“We in Defense must innovate to protect the country. Our technology is second only to the quality of the people we have in uniform in what makes our military the best in the world,” said Deputy Secretary of Defense Ashton Carter. “We’re all in with the Department of Energy (DOE). It makes sense and it is good for the taxpayer. We’re all in with ARPA-E. We look forward to working with [the DOE] well into the future. Just like DARPA has been around for 50 years, I dare say ARPA-E will be around for decades as well.”

Better Batteries

The wars in Iraq and Afghanistan have demonstrated the military’s pressing need for more efficient batteries for hand-held electronics.

“When I was a young lieutenant, the only batteries I had to worry about were the ones in my flashlight. If I had two AA batteries, I was good to go,” said Mason. “But if you look at what we put on a soldier today, the amount of batteries is absolutely incredible because of the power needed for the GPS, headset displays, weapons systems, radios and on and on.” Read more

By Ed Schoenfeld of CoastAlaska News: Backers of biomass energy pitched wood-pellet heat as a money-saver during a legislative hearing today (Feb. 21st).  Alaska Energy Authority staff and others talked to the House Committee on Economic Development about the Southeast Alaska Integrated Resource Plan. The document recommends developing more pellet and other wood heat, as well as some expanded hydroelectric generation.

AEA Biomass Program Manager Devany Plentovich said high fuel prices have driven many residents to heat with electricity instead of oil.  “Unfortunately, as we’ve switched so much to the space heating, we’ve seen the reserve hydro just disappear to a remarkable rate. It’s at the point where our utilities are having to supplement the hydro during the winter season with diesel generation.  And that’s very high-cost diesel generation,” she said.

Southeast lawmakers and other officials have called for more hydroprojects with more connections to more communities.  But the resource plan calls for a larger focus on wood heat, in businesses, offices and schools.  And some are already making the switch.  Plentovich said wood-pellet heat costs less than oil-powered systems, and has about the same price tag as electric ones. And, she said, boiler conversions are short-term investments.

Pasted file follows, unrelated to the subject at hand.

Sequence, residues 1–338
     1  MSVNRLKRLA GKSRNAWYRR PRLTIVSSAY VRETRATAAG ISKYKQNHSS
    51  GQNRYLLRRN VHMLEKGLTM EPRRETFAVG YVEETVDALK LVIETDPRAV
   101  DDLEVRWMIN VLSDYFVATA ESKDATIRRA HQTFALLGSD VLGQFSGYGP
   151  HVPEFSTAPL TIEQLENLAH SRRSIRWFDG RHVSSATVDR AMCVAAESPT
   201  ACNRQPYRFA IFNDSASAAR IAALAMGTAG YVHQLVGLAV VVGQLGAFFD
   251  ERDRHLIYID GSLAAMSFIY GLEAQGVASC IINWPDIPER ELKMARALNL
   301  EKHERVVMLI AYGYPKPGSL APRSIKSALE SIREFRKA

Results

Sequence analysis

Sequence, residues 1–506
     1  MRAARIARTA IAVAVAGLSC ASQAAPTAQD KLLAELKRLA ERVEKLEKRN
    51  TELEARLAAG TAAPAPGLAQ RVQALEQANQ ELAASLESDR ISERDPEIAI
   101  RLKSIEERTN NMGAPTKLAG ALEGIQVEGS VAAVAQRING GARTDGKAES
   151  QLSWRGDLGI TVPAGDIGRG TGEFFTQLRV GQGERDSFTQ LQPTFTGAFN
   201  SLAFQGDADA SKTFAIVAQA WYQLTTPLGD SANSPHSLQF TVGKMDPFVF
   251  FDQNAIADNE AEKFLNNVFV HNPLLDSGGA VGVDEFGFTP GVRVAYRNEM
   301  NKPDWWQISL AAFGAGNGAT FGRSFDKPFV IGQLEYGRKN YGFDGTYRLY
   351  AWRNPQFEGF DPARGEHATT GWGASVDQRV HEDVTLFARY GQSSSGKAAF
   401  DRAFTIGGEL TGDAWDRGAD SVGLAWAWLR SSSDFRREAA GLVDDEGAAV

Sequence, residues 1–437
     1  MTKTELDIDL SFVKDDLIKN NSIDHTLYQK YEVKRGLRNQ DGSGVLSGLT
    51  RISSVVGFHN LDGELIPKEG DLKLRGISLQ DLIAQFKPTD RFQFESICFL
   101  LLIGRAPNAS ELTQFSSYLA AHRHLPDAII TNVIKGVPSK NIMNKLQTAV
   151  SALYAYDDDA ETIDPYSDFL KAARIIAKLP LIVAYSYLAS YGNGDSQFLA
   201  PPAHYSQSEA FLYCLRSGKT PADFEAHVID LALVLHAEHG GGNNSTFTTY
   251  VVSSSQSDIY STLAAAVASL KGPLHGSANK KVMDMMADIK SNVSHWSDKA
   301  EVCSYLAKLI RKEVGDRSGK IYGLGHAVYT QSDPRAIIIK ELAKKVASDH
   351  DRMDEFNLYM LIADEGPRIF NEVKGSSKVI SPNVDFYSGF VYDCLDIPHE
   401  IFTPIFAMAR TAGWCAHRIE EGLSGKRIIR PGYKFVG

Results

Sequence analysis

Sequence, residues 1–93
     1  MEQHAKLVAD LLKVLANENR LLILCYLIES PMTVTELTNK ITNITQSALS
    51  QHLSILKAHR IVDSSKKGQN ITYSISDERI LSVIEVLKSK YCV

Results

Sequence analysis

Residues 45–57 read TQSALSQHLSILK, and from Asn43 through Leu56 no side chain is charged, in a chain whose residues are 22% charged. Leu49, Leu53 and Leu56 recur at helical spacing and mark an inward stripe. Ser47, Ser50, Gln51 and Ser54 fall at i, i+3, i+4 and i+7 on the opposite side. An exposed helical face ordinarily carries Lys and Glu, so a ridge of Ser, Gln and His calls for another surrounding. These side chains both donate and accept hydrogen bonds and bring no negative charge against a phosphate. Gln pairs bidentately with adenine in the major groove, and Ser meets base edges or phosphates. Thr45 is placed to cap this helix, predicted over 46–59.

“The Sealaska building, that’s going to pay back in about four and a half years. The Kake school, if that gets funded through the renewable energy fund, that’s got about a six- to seven-year payback. The Coast Guard in Sitka is looking at about a five-year payback. So these projects have a great economic story,” she said.  Read more

By Ucilia Wang of Given the low interest rates and plummeting prices for solar energy equipment, it would seem a good time for investing in solar power generation. GE Energy Financial Services, for one, has been pursuing solar deals actively and on Wednesday it announced a $100 million equity investment in a solar power plant in Arizona.

The investment helps close the financing of the $550 million, 127-megawatt project being developed by LS Power, which also lined up debt financing from Prudential Capital Group, Banco Santander and others, GE said. LS Power has hired Fluor Corp. as a general contractor and operator of the project, which is set for completion in 2013 and will supply power to San Diego Gas & Electric under a long-term agreement. The project, called Arlington Valley Solar II, will rise about 40 miles west of Phoenix.

GE not only announced the deal in the Arlington Valley project, it also took the opportunity to tout its investments in solar over the past year. It called 2011 a record year and said it put up $1.4 billion in 48 – or 1 gigawatt’s worth – of solar power projects worldwide, including those in Canada, Australia, Portugal, Spain and Italy.

Solar power plant investments have taken off in the United States over the past three years as developers successfully secured permits and the federal and state governments provided policy and financial support to meet their clean energy and job creation goals. Read more

By Leslie Guevarra of Savvy investments in energy efficiency retrofits for buildings could yield more than three times their value, mounting to about $1 trillion in energy savings in a decade, says new research from Deutsche Bank and The Rockefeller Foundation.

The study released today said that yield would be just one of the returns if $279 billion were spent for retrofits of residential, commercial and institutional buildings in the United States.

In addition to saving about 30 percent of the United States’ entire energy spend during the course of a year, completion of the energy efficiency retrofits could reduce greenhouse gas emissions in the country by 10 percent and create 3.3 million job years — which means the projects could create an estimated 3.3 million cumulative years of employment — the study said.

Researchers in the building and sustainability fields have been touting the robust returns and benefits produced by energy efficiency retrofits for several years. In 2010, a study forecast that such projects could result in savings of as much as $41 billion a year in the U.S. And market leaders in business and real estate have made a point of spotlighting their successes, one of the most prominent being the Empire State Building retrofit. The New York City icon also serves as an example of green leasing program, a further strategy to achieve energy efficiency in commercial property. Read more